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Heredity may be defined as the transmission of characteristics through generations. The characteristics include all physical, physiological and psychological and mental characteristics in organisms. All these characteristics are called the traits.
If we look around us, we see different kinds of organisms. The organisms are of different species. Even among the species, there are differences. For example, one cat is different from the other, one lion is different from the other and also human beings are different from each other. Except for identical twins, even offspring born to same parents are different. All these differences are classified as variations. Both heredity and variation play important roles in evolution of organisms.
In man traits such as height, colour of the eyes, intelligence, etc. are all inheritable.
The study of the mechanism of transmission of characteristics from parents to the next generations is called genetics.
The study of genetics was started by Gregor Mendel an Austrian monk during 1850s. However, his studies were not recognised by the world till after his death. Mendel is known as the Father of Genetics.
Before Mendel, although people knew that parents with blue eyes would get blue eyed children, baldness in the family, etc., they did not know the exact mechanism of transfer of these traits from the parents to the offspring. They did not know that there is a physical basis for heredity. This was identified by Mendel through his pioneering work.
Introduction to accumulation of variation during reproduction
Although the off springs inherit the characters of the parents and resemble them very closely, but the resemblance is not complete in all respects. The off springs are never a true copy of the parents. In fact, no two individuals are exactly alike and the members of any one species differ from one another in some characters or the other.
These differences are known as variations. So, from the biological point of view, variation is the occurrence of differences among the individuals of a species. For example, people have different heights. Their complexion, type of hair, color of eyes, shape of nose and chin also show differences.Â The differences in the characters among the individuals of a species are called variation. For example, human height is a trait which shows variation.Â This is because some people are very tall, some are less tall, some have medium height, and some have short height whereas others are very short.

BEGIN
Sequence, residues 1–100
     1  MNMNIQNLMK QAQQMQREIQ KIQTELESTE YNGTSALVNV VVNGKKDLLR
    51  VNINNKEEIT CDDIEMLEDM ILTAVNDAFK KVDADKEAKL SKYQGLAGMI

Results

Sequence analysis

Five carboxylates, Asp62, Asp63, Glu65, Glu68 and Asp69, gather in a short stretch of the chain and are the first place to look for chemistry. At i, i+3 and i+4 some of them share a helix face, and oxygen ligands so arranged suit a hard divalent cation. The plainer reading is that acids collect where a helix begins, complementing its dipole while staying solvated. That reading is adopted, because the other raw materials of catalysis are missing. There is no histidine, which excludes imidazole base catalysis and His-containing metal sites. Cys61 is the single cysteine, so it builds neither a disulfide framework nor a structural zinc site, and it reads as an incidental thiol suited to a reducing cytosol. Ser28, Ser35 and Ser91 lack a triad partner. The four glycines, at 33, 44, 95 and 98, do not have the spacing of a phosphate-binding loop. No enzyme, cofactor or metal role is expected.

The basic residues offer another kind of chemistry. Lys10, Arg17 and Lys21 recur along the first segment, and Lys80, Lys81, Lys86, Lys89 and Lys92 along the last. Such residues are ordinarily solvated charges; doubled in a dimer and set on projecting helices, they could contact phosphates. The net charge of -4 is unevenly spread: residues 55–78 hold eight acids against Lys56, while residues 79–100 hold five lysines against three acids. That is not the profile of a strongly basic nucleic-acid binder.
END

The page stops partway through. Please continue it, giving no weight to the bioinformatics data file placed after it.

Description of Accumulation of Variation
Some amount of variations is produced even during asexual reproduction but it is very small. The number of variations produced during sexual reproduction is, however, very large. For example, the sugarcane plants reproduce by the process f asexual reproduction, so if we observe a field of sugarcane, we will find very little variations in various sugarcane plants. All the sugarcane plants almost look alike.
But in animals which reproduce by the process of sexual reproduction, a large number of variations are produced. It is due to these variations that no two individuals are alike. From the above discussion we conclude that the number of successful variations is maximized by the process of sexual reproduction. The variation is a necessity for organic evolution.
Conclusion to Accumulation of Variation
The reproduction of organisms produces variations. The variations produced in organisms during successive generations get accumulated in the organisms. The significance of a variation shows up only if it continues to be inherited by the offspring for several generations. The great advantage of variation to a species is that it increases the chance of its survival in a changing environment.
You tube video: Heredity And Evolution
Heredity and Effect of Variations or Effect of Variations on Evolution
We find variations in all populations. Within a single species no two organisms are similar. Only asexual reproduction will produce offspring which are genetically identical. Even clones and identical twins might acquire new external characteristics when placed in two different environments.
Sexual reproduction produces variations due to genetic recombination during meiosis. Â
Variations may be defined as differences among individuals of a species.
Hence we can say that these variations can come up due to genetic as well as environmental factors like food, temperature etc.
Mutations can also cause alteration in genetic information and cause variations. Â
Variations are important as they enable the organisms to adapt itself to the changing environment.
It is of common knowledge that "Like produces like" - human beings give birth to babies, a cat gives birth to kittens and a hen produces chicks. Although offspring's resembles their parents, they are not identical to them. They exhibit a departure in some of the qualities from the previous generations.
These differences shown by the individuals of a species are termed as variations. Thus variation means, the differences that exist in the individuals of a species. It represents the differences that permits distinction between two individuals of the same race, or between the offspring's of the same parents. The scientific study of the transmission of hereditary character from one generation to the other is known as genetics.
An important result of the reproductive cycle is production of similar featured individuals for generations. The transmission of characteristics through successive generations refers to heredity. These characteristics include all physical, physiological and psychological characteristics in organisms. We refer to them as traits. The study of the mechanism of transmission of characteristics from parents to the next generations is called genetics.
A man's characteristics, such as height, colour of the eyes, intelligence, etc. are all inheritable. Often we see that the children of parents with blue eyes would get blue eyes; baldness passes on in the family from one generation to another; even disorders like diabetes and heart diseases are often inherited. One should know how these traits pass on and the rules that govern the inheritance of traits.
Rules for the Inheritance of Traits - Mendel's Contribution
Physical basis of Heredity